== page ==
Skip to content

'It’s like we’re coming to light in the city'

To mark Black History Month, the city has officially proclaimed the event, and there's a potluck and lecture planned in Timmins
Ifeoma Kasimanwana, left, Kristin Murray, Suleyman Demi, Everard Kasimanwuna and Michelle Boileau at the proclamation of Black History Month in Timmins.

The City of Timmins kicked off Black History month with a proclamation in council chambers on Monday.

Members of the African Community in Timmins (ACIT) received the proclamation from Mayor Michelle Boileau and Coun. Kristin Murray.

“It’s a great opportunity for people to learn about Black history and for us to celebrate who we are as Black people,” said Murray.

The theme for this year is Ours to Tell and the focus for the community is that people hear from them and their experiences.

“It’s like we’re coming to light in the city,” said Ifeoma Kasimanwuna. “When you’re visible, people are able to see who you are, what you represent, and the stories they hear are from you directly.”

ACIT recently received its not-for-profit status. The group is looking forward to hosting events during February to share stories with everyone in Timmins.

“There was no rallying centre, and there are a lot of Africans settling in Timmins and they needed people to support them, to help them settle and to help their cause,” said Everard Kasimanwuna, president of ACIT. “The idea is just to help them settle in, to help them get used to the weather, to help with language barriers.”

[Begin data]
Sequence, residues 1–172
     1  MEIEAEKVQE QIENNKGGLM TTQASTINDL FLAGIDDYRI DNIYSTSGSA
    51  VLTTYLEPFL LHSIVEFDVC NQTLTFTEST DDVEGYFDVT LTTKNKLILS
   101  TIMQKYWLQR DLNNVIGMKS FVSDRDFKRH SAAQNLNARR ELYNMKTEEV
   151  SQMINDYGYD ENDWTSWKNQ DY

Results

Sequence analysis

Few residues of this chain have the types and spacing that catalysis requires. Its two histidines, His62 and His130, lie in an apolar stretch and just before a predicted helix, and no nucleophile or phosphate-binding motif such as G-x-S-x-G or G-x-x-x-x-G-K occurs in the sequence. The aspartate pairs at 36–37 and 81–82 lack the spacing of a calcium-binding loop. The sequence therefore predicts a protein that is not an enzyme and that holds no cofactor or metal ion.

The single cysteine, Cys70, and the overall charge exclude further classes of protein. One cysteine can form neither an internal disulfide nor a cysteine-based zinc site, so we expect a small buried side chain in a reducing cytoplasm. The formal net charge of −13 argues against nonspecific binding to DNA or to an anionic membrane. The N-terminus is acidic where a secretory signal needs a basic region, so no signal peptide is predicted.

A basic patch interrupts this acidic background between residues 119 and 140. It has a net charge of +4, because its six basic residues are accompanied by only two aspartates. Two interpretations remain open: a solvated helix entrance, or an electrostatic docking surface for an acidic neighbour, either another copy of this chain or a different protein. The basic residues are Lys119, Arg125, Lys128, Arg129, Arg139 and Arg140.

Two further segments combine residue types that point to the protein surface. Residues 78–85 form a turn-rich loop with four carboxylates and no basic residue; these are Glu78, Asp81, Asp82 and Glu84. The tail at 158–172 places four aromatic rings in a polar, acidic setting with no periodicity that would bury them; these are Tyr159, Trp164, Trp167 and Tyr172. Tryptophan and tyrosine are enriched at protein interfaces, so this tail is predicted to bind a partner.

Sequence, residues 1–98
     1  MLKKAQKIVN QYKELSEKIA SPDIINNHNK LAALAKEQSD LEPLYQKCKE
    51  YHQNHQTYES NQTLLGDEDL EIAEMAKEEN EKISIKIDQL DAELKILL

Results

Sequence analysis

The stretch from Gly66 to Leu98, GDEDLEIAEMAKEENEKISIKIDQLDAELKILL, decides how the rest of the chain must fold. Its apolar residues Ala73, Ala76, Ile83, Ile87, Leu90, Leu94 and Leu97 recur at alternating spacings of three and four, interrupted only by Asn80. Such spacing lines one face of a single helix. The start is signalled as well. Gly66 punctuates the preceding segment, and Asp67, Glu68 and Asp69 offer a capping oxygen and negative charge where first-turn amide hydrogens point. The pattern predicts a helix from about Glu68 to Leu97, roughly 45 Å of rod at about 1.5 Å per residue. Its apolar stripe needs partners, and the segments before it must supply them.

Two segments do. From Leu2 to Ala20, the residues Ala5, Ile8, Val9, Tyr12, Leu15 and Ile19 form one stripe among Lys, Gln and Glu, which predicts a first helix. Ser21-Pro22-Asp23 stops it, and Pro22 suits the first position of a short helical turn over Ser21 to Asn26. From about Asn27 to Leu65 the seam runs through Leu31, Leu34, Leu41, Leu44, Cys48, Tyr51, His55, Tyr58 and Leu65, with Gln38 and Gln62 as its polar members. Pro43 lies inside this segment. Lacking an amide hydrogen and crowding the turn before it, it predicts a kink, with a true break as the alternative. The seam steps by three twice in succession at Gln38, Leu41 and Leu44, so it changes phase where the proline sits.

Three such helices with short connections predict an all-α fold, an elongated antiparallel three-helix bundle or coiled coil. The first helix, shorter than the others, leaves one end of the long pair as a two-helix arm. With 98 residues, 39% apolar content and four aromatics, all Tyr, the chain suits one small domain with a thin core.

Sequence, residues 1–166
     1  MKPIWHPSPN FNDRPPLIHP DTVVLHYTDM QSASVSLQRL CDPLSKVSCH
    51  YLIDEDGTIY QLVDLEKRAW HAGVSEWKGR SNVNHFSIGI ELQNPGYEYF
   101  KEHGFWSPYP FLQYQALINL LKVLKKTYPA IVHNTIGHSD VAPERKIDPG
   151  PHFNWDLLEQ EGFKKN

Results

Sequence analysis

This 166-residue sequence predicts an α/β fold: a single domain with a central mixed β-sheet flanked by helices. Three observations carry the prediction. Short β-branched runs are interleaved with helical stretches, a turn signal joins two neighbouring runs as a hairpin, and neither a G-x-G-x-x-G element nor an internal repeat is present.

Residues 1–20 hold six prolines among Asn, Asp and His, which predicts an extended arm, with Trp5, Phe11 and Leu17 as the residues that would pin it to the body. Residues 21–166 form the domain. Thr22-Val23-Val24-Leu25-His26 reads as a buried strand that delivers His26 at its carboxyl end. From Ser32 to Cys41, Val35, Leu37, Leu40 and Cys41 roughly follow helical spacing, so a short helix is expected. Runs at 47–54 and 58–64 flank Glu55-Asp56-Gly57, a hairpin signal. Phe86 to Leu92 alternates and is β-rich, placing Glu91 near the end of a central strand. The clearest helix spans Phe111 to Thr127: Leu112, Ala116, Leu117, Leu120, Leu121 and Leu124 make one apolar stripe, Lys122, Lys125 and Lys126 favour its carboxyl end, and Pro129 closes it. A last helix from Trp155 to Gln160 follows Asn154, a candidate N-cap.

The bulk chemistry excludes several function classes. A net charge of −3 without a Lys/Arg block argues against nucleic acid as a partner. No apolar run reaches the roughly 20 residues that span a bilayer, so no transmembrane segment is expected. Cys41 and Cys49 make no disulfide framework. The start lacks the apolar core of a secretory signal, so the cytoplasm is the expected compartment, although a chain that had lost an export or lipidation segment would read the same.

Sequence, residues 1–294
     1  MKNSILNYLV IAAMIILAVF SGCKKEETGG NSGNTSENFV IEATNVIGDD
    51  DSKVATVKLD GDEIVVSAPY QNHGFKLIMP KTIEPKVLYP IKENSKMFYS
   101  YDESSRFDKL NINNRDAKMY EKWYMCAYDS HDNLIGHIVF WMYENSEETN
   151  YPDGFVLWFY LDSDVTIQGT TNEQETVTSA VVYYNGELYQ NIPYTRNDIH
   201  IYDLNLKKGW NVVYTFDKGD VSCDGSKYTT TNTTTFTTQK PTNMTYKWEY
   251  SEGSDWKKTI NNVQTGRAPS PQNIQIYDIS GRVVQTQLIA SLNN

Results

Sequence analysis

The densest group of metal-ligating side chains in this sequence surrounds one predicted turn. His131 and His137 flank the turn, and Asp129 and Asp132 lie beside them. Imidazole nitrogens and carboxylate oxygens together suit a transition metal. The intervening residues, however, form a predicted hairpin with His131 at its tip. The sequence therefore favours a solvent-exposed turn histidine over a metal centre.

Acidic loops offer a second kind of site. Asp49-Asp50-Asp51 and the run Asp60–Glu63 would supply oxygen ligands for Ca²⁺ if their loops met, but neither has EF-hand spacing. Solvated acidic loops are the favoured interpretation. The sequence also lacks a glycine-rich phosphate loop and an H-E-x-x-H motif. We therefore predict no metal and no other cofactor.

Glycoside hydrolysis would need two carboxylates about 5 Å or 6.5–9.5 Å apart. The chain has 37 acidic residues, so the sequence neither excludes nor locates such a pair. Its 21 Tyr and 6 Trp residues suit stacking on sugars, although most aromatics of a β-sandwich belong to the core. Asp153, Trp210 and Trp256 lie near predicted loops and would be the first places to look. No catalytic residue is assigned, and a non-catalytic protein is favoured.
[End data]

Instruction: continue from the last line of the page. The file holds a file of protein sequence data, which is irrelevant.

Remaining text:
The recognition of Black History Month by the city is an important step, said Boileau, but there is always more work in inclusivity and diversity to be done.

“It gives us an opportunity to provide some awareness to the wider community that these things are going on, not just nationally, and they’re taking place right here in Timmins,” she said.

Events going on throughout February include a potluck at the Timmins Museum: NEC on Feb. 11 and ACIT is hosting a lecture at Northern College about Black history in Timmins on Feb. 18.

Tickets for the lecture are free and available on Eventbrite.

Events like the proclamation can make Timmins more appealing to newcomers, says Kasimanwuna, because being able to see a community already in place can be a comfort to people looking to settle here.

“Bringing people together is our way of fostering unity and getting to know the Black community and what we can offer,” said Suleyman Demi, who is involved with ACIT. “At the end of the day, we all want to contribute to the community of Timmins.”

The city is also working toward celebrating the diverse communities within Timmins.

“We do need to be taking proactive measures to try to attract people to the area, and I’ve heard firsthand how important it is to see yourself in a community,” said Boileau. “People are looking at Timmins and trying to decide whether they want to come here, they can find their community here.”

Black History month has been celebrated in Canada for the last 28 years and highlights the stories and history of Black communities and individuals that have been historically overlooked.

"Our stories, our struggles, our ambition is ours to tell," said Kasimanwuna. "Nobody can tell your story better than you."

Amanda Rabski-McColl, LJI Reporter

About the Author: Amanda Rabski-McColl, LJI Reporter

Amanda Rabski-McColl is a Diversity Reporter under the Local Journalism Initiative, which is funded by the Government of Canada
Read more

Reader Feedback